8. Cheers. Yeah, I thought they must be as the 2019s are the only ones with that "bullet cap" shape. Looking forward to trying the ones I've ordered myself, but it might be January before I receive them now due to covid/postal service issues. I've heard very good things anyway, despite a few complaints about burn issues.
  9. And bloody fun to read, mate. I've been enjoying you guys' video reviews since only a year or two after you started making them. Only just now have I stumbled upon your Kenfessions. I often find myself fully agreeing with you, and when it comes to these stubby little chodes that cigar companies are pumping out now I certainly do. This bit at the beginning of the review cracked me right up: "Honestly, my first impression was that I was at the dentist. It feels like your gob has been wedged open and something bad is about to happen." Brilliant. Your cigar reviews once lead me to buy a
  10. Nice! I only just ordered a small selection of Warped cigars from the US myself a few days ago. Are the bandless ones the Lirio Rojo 2019? I'd be interested to hear your thoughts on those in particular.
  11. Sadly, greedy profiteering always damages the quality of products. It always happens once some management school team sees that a great product is selling really well, so they decide why settle for making huge profits when we could make enormous profits by cutting corners and selling some junk with a shiny label instead? Especially with luxury goods like fine cigars, you can sell a lot of relatively complete rubbish with a "limited" label and 3 bands for many times it's worth, and by the time people have realised they're not very good, they've all sold anyway and you move onto the next special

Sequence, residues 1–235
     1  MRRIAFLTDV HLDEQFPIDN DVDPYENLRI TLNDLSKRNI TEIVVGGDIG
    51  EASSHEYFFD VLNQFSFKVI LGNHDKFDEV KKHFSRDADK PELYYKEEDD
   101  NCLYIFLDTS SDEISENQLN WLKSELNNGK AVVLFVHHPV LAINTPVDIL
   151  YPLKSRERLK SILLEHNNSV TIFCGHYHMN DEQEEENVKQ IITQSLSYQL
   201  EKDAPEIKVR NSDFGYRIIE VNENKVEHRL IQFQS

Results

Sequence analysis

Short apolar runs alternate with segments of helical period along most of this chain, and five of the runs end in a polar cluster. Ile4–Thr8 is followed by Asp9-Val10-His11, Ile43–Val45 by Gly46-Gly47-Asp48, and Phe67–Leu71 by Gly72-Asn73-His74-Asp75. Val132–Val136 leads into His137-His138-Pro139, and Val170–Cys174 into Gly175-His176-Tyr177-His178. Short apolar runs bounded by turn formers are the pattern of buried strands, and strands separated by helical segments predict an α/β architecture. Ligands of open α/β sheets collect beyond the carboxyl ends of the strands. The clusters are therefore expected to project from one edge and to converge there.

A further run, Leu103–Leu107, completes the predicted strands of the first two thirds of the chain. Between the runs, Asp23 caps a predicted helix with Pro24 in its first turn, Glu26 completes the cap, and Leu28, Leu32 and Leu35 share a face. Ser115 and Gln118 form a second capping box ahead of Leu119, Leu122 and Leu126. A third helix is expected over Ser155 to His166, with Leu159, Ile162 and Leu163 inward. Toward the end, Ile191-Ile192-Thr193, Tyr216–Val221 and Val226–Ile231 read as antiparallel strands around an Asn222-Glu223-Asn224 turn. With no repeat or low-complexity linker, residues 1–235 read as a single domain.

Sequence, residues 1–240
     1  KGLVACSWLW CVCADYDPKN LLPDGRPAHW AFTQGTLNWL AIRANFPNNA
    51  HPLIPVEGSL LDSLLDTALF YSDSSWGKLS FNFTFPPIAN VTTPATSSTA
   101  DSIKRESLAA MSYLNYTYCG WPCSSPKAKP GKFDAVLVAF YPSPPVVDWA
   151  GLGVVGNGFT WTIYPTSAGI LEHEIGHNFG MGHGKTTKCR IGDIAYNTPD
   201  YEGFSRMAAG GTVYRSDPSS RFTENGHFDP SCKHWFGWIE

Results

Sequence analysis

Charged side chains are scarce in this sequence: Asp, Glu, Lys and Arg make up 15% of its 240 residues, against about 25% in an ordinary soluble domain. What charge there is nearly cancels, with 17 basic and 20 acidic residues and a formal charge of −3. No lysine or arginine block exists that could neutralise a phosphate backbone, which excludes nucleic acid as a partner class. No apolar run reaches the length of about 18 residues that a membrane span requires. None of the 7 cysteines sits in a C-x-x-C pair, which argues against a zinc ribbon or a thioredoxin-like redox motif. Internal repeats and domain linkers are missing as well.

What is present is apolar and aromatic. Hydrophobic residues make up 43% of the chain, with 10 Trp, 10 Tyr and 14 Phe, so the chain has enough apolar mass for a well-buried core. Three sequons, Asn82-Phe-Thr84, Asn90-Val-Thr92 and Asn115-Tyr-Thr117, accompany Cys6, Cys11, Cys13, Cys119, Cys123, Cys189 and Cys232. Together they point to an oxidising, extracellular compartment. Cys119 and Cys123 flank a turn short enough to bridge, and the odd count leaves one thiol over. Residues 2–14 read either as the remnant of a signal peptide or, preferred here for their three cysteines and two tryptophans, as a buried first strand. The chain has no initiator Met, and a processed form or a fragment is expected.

12. My most recent one was a box of 10 Monte 2s. I decided on a whim to grab a box of 10 (if I found one that looked like it might be good). The very first box I opened in my local B&M was oozing oil, dark choc wrappers and loose bunching at the feet. After feeling a few, they all seemed to have perfectly even give throughout (no tight feeling spots). I bought them immediately and smoked one the following day to try out. It was the best Montecristo #2 I've ever smoked in my life. Immediately, I went back and asked to look through their other boxes. None of them came close to the look, fee
  13. Because nearly every great Havana cigar I've ever had has been rolled loose. I've been smoking cigars for over 16 years and always wanted to find good firm rolls that draw well, but more often than not, they don't with Cuban cigars. They mostly will draw adequately, sure, but strangle the flavours off somewhat. These P2s I had were incredible and very loose, but with just a nice hint of "elastic" resistance. Of course you can find complete "wind tunnels" that don't burn well, overheat easily or even are just clearly missing some element to the blend or something and don't have great flavour. T
  14. Fun tidbit: In the very first novel, Casino Royale, James Bond is first introduced as working under the cover of being a cigar merchant from Jamaica. This is the cover he uses to send and receive cable messages from HQ, and his funds for the utterly ridiculous, nonsense assignment he's on are referred to in terms of Havana cigar production numbers rather than francs. Oh, and for me the best James Bond after early Connery (yes, later Connery was a tubby, bumbling, lazy joke) was Timothy Dalton by a country mile. Even though early Connery was my favourite portrayal of the character, my top